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Declining US Equities: Top Trading Opportunities – By ASC


I usually take a systematic approach to these top trading installments. With a heavy focus on FX I have found the right system for me. See, most of the time when I work with FX, I follow major pairs, such as EUR/USD or AUD/USD. In many cases, I am looking to hedge some element of risk while focusing my exposure in a calculated way. For top trades, I will often look at cross -pairs because the themes I have worked with in the majors can often filter to long -term opportunities in crosses. So like GBP/JPY, for example, from Q4 last year. I basically just want to play the strength trend in GBP against the expected weakness that I value for JPY and, instead of setting GBP/USD and USD/JPY separately, just cut the middleman and go right for GBP/JPY. My Top trades from this year’s Q1 were a lot easier, only the USD price increased as I saw fundamental and evolving technology collisions that were hard to ignore.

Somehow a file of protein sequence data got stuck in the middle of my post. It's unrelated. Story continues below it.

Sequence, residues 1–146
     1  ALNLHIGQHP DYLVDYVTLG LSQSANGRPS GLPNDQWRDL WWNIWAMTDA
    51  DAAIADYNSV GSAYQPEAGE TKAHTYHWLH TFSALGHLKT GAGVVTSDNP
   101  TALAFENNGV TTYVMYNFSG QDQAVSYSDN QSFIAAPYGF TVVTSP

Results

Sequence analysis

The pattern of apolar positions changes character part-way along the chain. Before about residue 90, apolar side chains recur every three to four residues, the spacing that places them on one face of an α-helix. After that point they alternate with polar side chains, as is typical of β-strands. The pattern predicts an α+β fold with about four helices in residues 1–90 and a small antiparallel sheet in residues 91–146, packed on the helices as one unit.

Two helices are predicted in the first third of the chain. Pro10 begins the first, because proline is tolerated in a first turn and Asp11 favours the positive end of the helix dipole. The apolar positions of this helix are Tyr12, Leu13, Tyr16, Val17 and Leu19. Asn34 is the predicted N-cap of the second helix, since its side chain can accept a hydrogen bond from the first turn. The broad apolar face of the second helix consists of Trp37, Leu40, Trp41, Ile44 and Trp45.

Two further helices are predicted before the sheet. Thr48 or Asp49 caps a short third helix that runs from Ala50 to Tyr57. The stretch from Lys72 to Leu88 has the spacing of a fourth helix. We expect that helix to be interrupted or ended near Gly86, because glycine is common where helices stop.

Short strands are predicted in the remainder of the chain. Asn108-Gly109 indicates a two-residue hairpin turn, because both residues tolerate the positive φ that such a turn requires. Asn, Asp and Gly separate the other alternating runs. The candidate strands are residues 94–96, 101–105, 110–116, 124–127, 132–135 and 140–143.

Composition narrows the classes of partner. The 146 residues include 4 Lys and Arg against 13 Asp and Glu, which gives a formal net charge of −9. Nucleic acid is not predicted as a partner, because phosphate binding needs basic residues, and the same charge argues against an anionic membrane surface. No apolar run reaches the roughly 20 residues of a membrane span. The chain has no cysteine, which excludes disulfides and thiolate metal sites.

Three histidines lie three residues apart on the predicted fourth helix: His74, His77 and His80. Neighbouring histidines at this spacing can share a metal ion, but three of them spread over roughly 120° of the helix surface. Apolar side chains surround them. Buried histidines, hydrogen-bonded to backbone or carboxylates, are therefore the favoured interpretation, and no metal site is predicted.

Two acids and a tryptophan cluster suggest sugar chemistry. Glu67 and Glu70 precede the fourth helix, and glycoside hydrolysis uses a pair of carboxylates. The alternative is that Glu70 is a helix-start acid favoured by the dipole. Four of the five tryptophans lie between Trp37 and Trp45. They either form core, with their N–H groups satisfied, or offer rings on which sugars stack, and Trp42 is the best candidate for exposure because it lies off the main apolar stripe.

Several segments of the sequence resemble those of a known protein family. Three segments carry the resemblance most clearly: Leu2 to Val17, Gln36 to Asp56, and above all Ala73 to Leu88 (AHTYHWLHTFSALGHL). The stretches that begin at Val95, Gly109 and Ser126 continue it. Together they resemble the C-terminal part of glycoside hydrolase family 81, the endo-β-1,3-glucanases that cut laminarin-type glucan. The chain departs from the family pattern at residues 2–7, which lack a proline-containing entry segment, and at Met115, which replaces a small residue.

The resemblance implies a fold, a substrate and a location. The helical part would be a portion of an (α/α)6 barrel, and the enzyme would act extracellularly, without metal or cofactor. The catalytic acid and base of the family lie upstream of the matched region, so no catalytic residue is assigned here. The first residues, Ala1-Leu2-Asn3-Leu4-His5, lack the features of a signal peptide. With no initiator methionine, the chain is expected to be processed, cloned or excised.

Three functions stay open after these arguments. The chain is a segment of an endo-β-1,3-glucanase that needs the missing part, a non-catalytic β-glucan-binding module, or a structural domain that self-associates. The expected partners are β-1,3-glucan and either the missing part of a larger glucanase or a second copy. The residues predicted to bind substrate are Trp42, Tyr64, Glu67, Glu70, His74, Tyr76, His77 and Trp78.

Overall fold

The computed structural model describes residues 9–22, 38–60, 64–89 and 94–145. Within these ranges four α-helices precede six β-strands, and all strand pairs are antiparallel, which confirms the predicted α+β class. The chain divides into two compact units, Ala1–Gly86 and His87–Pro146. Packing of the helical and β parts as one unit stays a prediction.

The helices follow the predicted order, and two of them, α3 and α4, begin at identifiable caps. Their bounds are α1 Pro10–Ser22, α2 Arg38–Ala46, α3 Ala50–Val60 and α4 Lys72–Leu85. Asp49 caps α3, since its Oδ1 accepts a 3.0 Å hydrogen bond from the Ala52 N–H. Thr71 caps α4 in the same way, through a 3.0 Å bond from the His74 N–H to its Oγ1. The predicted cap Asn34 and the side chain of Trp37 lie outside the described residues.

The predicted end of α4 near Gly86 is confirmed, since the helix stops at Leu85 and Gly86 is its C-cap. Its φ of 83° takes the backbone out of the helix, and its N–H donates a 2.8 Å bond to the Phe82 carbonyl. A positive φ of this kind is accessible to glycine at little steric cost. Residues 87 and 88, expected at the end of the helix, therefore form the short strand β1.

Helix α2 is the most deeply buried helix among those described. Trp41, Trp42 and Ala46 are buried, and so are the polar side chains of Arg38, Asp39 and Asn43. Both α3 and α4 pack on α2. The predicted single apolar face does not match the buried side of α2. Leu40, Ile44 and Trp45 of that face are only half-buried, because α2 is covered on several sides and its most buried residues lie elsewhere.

For this quarter, however, there is only one area I would like to see for top trades and that is equity weakness, particularly in the Nasdaq 100 and S&P 500.

I know that the fear of rate hikes seems to be too much played out. The Fed, after all, can choose how quickly to raise rates. And while this has been an issue in the past, they have erred in terms of caution and equity strength. And to this day, the stock still continues to trade strongly amid a number of worrying factors that market participants seem to simply ignore. And, in fact, this isn’t too different from 13 years ago, is it? Since the Global Financial Crash, it has felt like one crisis after another. It feels like there are a million reasons for stocks to decline however, declining prices have faced a continuing stream of frustration as equities have made a historic record over the past decade.

But, I will evoke one of the most dangerous phrases in the financial markets and something I rarely say, if ever: I feel this time is different.